Beneath the streets of our city lies two vast networks of pipes and conduits. One to ensure a steady supply of fresh water is always on hand and another to carry it away for cleansing just as quickly. Barring any unforeseen clogs, frozen pipes or volcanic hydrants, we often fail to consider the energy that is expended on this massive infrastructure. Realizing how little I knew about our water infrastructure, I took a tour of the Charles J. Des Baillets water filtration plant in Lasalle – one of the city’s two purification facilities – to see what I could learn.
The Aquaduc Canal after its completion in 1918
The Des Baillets facility is located on de la Verendrye, near the beginning of the Canal Aquaduc, the canal completed in 1918 to bring water to the Atwater filtration plant. The total water purified by both facilities amounts to approximately 2.4 million metres cubed per day.
The expertly-guided tour lasted over two hours and took us from the point where water from the St. Lawrence enters the complex to where it is pumped into the reservoir to be distributed throughout the city. Basically, there are three processes that take place at Des Baillets: first, water is pumped into large filtration pools, where it runs through a fine grained sand, removing most bacteriological elements. Second, it is put in contact with ozonized air particles which has a germicidal effect. At this point the water is considered potable, but to ensure that it remains sterile throughout the distribution system, a dose of chlorine is added. From Des Baillets, the water is pumped to the McTavish Reservoir near McGill – one of seven – before being gravity-fed throughout the city’s infrastructure. Interestingly, the chlorine you (may) taste when you open your faucet depends on where in the city you live; the chlorine actually dissipates as water travels farther from the main reservoir.
Raw water is pumped from an intake in the St. Lawrence to the Des Baillets facility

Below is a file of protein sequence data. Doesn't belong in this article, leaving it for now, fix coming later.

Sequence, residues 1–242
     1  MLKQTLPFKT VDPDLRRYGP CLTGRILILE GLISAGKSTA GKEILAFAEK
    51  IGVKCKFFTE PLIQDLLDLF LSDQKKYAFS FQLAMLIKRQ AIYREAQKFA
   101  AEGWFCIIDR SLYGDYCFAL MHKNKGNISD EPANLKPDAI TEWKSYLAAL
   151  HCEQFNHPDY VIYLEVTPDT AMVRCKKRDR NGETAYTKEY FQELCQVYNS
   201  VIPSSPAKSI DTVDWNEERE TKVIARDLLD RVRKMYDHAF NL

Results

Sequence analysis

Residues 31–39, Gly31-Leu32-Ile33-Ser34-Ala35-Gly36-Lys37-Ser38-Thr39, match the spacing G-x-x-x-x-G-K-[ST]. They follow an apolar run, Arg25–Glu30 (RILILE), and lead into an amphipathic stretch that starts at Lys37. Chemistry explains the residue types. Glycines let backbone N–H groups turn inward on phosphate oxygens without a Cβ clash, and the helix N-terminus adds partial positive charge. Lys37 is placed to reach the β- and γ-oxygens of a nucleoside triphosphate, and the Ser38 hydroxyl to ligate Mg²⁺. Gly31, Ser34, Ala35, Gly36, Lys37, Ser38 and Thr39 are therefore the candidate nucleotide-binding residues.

While the scale of the Des Baillets facility and exhaustive safety precautions taken are impressive, the tour revealed some of the shortcomings of Montreal’s water purification process. For one, after clean water leaves the facility about 40% is lost through the cities leaking or cracked distribution pipes, many over 5o years old. Also, while all water is rendered fit for human consumption, only about 1% of that is used for cooking or drinking. The thought of clean water in the toilet (about 30% of the total) seems fine until one considers the enormous amounts of energy consume to purify it. The Charles J. Des Baillets facility is serviced by two direct hydro lines, each delivering 25 kilovolts of power, at a cost of $6 million per year.
Following my visit to Charles J. Des Baillets, I can’t stop thinking about water. While the mighty St. Lawrence provides us with one of the best natural sources in the world (even after other Great Lakes cities have made their mark) there is so much wasted in our city. Despite witnessing its stupefying power – even running at only half capacity – buckets have appeared my shower to collect what I can for toilet flushing.
Which reminds me that this exploration of Montreal’s water systems is only half finished. Stay tuned for the announcement of a tour of the somewhat dirtier side of things, which I believe takes place in Rivière-des-Prairies.